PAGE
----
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Originally Posted by CedarCreek View Post
Then consider me "burnt out" or "over it" too. I guess that's what you get for telling it like it is.

Pertaining to the money aspect: I do ANY type of job for the MONEY. My family needs money to survive and I am not ashamed to provide for them. I love kids but I am not going to miss payments on my car or house or my sons braces just to care for the two that I have. That's why I'm closing up shop and doing other work for a while. It's for the :GASP: money
Oh Cedar you can do any OTHER job for money... just not child care. Well you can do child care for money as long as it's not the number ONE reason you do child care. It has to be LOVE first.

It's hard to grasp the concept that well paid and fairly compensated for the actual WORK and time will net your kid a heck of a lot more love.
  #92  
Old 12-12-2013, 01:01 PM
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Originally Posted by daycarediva View Post
I moved from a low-middle income area to an upper middle class area. It was good financially, but terrible from the type of parents I get. I deal with parent issues on an almost DAILY basis.

Today a dck came in with a half eaten candy bar Mom 'couldn't get away from him' and one came with pjs because she 'wouldn't get dressed' and one was a dope and drop! Seriously!
Some of that kind of stuff I just roll with. I guess it is just my laid back personality. I try not to sweat the small stuff. If something happens over and over, I'll address it but if occasionally someone isn't dressed (my grandson came like that one day) I just let them in and dress them myself. To me it is better than me feeling upset.

It doesn't mean I'll let it go on and on but here and there I just do what needs to be done. I remember my single mom daughter almost in tears that day that he wouldn't get dressed. He was being a real little butt. I am fine to help out if mom or dad is having a rough morning. We all have one from time to time.

Maybe it is because I was a stay at home mom and didn't watch children back then. I can't even imagine what a parent today has to go through working full time outside the home. I personally feel for parents today. I chose to live without all the gadgets and stay home but I'm not sure one income is even feasible these days even without the gadgets....dunno. It's a whole new world. Okay, I'll shut up now.

Laurel
  #93  
Old 12-12-2013, 01:16 PM
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Originally Posted by nannyde View Post
Oh Cedar you can do any OTHER job for money... just not child care. Well you can do child care for money as long as it's not the number ONE reason you do child care. It has to be LOVE first.

It's hard to grasp the concept that well paid and fairly compensated for the actual WORK and time will net your kid a heck of a lot more love.
How silly of me!

Well, I do love my two dcks so I guess I'm going to go get some pliers and when ds gets home from school, we can pop his braces off and that'll save me some bucks and I will stay open!!
  #94  
Old 12-12-2013, 01:16 PM
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Honestly, if I enjoyed your company and you were willing to help out with the other kids while you were here then I would say - Sure, pick me up a coffee on the way in BUT if you made me feel uncomfortable and self conscious in any way then I would have to say No.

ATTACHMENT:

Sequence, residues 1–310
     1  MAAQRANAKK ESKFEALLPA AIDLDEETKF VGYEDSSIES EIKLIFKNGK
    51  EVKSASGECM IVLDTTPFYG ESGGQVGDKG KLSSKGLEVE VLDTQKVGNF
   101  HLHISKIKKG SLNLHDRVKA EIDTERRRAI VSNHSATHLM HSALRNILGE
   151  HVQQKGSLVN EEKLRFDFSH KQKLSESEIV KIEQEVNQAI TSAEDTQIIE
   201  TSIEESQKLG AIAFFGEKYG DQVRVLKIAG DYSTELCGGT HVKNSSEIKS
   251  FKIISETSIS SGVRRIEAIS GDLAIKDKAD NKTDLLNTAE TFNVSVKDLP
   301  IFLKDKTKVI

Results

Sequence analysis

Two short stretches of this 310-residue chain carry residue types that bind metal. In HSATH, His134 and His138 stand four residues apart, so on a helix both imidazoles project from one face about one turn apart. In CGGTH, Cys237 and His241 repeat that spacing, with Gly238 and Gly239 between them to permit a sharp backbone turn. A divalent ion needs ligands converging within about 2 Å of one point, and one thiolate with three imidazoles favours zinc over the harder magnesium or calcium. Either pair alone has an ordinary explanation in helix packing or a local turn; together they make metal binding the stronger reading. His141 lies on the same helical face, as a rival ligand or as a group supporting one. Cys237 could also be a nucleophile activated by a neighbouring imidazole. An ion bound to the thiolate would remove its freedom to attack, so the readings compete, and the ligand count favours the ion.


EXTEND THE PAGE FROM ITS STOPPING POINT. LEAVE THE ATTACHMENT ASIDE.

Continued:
I don't believe it would in any way benefit your baby though. 4 months is so young to be in daycare. At this age, they need routine and their Mommy.
They do eventually adjust to daycare because children are built to adapt but the first few months are sure to be a rocky road no matter what.

If you really need to return to work now, all you can do is find a provider you trust with all your heart and give her the freedom to become a part of your child's life.

Good luck. I know how hard leaving your baby with someone else can be. That is why I got into childcare in the first place. I couldn't find anyone I trusted with my child...that's when I knew it probably wasn't them - It was me. 10 years later, here I am still doing daycare.
  #95  
Old 12-12-2013, 01:21 PM
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As far as the money debate, I remember there being a discussion somewhere once about how teachers are not paid like other professionals who have the same amount of schooling. Then someone said "It is because it is mainly a profession of women." They said if more men would get in the field they wouldn't stand for making less money.

Gotta call "Right On!" on that one.

Traditional female jobs are not as highly regarded or rewarded as are traditionally male jobs. Take truck drivers. How much skill does it take to drive a truck (well once you learn how)? It takes much more skill to correctly care for children so why the big pay difference?

Also I think women are conditioned to be somewhat submissive....at least in the past and it is going to take a few generations to get over that completely. I remember my own mom (I am 62) arguing with my dad to GET TO go to work after we were older. She wanted to stay home when we were little but when we got older she got bored and wanted a part time job. It was a major hassle with my traditional dad but she finally got her way. Go mom!

My daughter is in a business that is mostly men with a major company (then Merrill Lynch) and she was STILL getting paid quite a bit less. She had to fight for more money even nowadays. Luckily at her current job she has a woman boss who started her at just what the guys made. She also did a lot of research and had to adjust the way she acted to get ahead in a 'man's world.' She told me a few things that I hadn't even thought of. Like don't do what a man wouldn't do. How many men bring cookies to the office for everyone? Men ask for raises, women tend to take what they are given. Even the body language in meetings.